Topic October

The Law of Reciprocity - 3

from: Hazrat Inayat Khan:

'Art of Personality'

(see also Forum)

You can listen to all themes here

By the constant study of life a Sufi realizes that mankind, which claims to be the most just in all creation, is found in the end to be the most unjust. A human being is generally just when he judges another, but he is unjust when the thing concerns himself, though he is often not conscious of it. He calls it justice too. Therefore the lesson that a Sufi learns in the law of reciprocity is to consider it a natural thing when injustice is shown by others; but he tries in every dealing with others to be as just as he can.

He tolerates the injustice of others as much as his state of evolution permits; but when he sees that more than this is intolerable, he resists it with explanations, with persuasion, even with threatening. But the tolerance with which he overlooks the injustice of others is for others only; when it comes to his dealings with others, he does not tolerate even the slightest injustice on his own part. The sense of justice is not the same in everybody; it is according to a person's evolution and his ideal.

Gracious conduct in others must be graciously received; harsh conduct in others we should take smilingly, holding them in our mind that they are not evolved enough to be gentle in their dealings. When doing a kindness to others the first thing that must be considered is that it should be unselfish, and not for the sake of appreciation or a reward. He who does good and waits for a reward is a laborer of good; but he who does good and disregards it is the master of good. He has engraved good upon the universal consciousness, and its echo will be no other than good.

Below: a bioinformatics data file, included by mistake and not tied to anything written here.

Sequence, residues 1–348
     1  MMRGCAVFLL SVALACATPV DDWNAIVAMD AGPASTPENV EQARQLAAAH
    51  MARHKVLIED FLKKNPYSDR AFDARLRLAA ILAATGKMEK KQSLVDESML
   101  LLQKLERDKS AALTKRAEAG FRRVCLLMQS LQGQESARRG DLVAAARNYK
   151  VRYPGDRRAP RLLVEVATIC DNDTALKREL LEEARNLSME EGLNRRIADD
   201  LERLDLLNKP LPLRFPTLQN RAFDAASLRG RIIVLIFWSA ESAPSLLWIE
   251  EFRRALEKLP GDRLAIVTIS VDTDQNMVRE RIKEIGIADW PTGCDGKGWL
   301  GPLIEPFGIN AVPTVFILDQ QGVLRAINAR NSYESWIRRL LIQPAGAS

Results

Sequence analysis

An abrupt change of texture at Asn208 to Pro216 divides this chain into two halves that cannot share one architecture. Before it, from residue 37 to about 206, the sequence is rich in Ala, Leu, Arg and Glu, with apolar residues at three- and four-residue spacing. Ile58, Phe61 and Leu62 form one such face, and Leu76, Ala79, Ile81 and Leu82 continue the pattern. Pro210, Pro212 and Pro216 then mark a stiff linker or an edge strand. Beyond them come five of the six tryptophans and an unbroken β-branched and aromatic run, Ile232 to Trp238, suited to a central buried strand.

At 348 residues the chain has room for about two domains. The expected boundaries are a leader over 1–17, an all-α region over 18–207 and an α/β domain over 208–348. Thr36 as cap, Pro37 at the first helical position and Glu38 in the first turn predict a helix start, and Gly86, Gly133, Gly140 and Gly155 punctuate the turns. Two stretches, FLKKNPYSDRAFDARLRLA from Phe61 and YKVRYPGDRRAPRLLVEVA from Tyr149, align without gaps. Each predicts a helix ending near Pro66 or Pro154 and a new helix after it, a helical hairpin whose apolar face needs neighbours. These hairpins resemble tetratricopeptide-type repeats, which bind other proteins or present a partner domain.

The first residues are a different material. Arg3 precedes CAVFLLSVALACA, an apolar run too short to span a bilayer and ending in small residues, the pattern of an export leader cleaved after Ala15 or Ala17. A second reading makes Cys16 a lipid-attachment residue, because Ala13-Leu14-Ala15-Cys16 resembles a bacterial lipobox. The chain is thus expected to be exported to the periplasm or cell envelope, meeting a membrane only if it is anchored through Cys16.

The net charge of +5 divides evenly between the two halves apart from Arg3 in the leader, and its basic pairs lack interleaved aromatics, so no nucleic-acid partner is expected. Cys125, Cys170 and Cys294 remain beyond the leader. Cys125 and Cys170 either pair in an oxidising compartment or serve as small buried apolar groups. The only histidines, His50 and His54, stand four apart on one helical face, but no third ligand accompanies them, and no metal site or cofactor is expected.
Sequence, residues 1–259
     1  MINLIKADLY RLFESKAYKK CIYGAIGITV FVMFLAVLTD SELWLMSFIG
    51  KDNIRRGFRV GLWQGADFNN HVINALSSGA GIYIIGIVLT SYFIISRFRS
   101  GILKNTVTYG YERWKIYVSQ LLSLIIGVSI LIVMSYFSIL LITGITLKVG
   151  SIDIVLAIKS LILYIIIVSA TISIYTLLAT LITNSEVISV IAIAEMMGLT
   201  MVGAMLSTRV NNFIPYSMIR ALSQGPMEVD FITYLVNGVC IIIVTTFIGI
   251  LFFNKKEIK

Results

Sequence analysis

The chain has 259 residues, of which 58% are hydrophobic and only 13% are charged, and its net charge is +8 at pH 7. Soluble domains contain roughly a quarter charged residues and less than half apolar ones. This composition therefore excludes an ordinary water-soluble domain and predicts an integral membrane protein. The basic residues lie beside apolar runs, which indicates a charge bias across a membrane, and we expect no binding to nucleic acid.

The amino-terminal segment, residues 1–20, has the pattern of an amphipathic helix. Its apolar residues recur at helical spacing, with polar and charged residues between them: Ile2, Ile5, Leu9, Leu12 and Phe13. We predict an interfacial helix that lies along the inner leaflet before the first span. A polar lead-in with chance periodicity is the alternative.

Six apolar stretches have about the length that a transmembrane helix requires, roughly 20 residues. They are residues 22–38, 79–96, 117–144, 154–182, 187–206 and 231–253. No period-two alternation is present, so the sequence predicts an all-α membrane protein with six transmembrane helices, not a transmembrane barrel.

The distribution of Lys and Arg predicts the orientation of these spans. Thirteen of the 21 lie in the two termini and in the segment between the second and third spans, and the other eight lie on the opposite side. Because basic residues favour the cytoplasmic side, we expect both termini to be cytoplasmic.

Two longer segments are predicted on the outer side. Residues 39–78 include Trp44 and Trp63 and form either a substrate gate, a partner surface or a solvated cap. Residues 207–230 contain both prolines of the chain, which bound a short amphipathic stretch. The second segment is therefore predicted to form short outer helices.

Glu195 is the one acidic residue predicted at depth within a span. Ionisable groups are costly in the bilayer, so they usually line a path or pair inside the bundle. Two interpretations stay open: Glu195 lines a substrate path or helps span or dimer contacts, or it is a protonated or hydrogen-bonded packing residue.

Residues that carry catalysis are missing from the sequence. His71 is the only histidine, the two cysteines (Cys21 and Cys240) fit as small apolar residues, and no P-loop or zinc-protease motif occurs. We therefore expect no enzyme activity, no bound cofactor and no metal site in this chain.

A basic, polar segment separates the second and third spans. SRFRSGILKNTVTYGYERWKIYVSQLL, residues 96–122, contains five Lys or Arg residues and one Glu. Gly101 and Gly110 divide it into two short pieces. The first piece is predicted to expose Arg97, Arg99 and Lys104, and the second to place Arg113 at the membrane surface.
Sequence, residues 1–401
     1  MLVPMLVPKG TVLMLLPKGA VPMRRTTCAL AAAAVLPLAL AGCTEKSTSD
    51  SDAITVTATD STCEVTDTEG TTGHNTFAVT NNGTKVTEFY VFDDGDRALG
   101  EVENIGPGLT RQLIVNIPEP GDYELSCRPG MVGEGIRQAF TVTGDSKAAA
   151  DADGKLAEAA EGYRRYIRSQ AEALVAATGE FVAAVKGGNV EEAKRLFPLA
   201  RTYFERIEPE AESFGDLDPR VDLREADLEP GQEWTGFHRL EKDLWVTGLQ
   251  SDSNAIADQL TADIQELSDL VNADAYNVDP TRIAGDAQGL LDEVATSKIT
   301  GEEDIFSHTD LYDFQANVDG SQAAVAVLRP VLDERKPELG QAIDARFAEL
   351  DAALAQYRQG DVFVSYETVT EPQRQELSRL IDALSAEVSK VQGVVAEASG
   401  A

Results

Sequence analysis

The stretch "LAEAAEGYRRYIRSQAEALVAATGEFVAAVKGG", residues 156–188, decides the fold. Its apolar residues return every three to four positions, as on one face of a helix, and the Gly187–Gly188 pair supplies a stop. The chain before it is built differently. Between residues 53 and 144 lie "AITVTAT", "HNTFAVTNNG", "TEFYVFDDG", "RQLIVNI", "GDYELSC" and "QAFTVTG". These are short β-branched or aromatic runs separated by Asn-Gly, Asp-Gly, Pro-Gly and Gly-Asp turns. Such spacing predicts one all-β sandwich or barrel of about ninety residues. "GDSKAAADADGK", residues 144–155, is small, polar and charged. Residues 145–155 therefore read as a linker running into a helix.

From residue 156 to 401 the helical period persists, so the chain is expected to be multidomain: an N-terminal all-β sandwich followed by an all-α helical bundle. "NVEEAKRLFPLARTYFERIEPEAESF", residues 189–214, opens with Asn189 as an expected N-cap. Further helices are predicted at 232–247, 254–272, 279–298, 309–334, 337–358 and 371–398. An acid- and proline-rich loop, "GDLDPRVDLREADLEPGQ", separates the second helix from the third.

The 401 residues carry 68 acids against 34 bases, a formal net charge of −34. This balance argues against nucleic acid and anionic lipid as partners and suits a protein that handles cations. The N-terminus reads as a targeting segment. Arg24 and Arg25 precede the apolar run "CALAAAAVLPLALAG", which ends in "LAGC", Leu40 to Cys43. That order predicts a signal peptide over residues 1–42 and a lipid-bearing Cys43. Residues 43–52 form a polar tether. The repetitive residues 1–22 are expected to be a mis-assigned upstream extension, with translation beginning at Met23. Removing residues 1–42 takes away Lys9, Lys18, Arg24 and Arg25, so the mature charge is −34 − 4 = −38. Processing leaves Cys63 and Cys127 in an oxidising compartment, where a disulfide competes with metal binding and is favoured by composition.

God to a Sufi is not only a heavenly King or an ideal of worship, but a friend, a beloved, nearer and dearer than all others in the world; and our dealings with Him must be as the dealings of an earnest lover with his beloved. When it is the time of worship, we must worship Him as the soldier saluting his king, as his duty; but at the time of communion we must commune with Him as a lover would with his beloved.

All things we do that are pure, ideal, and satisfactory to others, we must attribute to God; and for all things we do which are not our ideal, nor satisfactory to others, we must blame ourselves. Because all that comes from perfection is ideal and satisfactory, therefore its praise belongs to Him who alone is praiseworthy; that which is not ideal but unsatisfactory comes from imperfection, which our imperfect self represents. Every action of kindness we do to another, we must do for God; and then there will be no disappointment. For if we do it for a person whom we love or trust, but who after a time may prove unworthy of our love and undeserving of our trust, we become disappointed and are discouraged in doing kindness to another or in placing trust in another. 

We must give our every day's account to God, our divine Ideal; lay before Him our shortcomings, humbly repentant, without missing a day, and ask for help from Him who is almighty, to give us strength and courage to do better tomorrow. 

We should never pride ourselves on good deeds, for His goodness is greater than the greatest good we could ever do. It produces in us false vanity, the only veil which hides God from our sight. We must begin to feel His presence in this manner; and surely after some time He will become a living entity before our sight, and all will seem dead save He alone, the living Being. When this stage is reached, then begins divine communion.

To be alone with our self

is like being with a friend

whose company will last forever.


Gayan - Boulas

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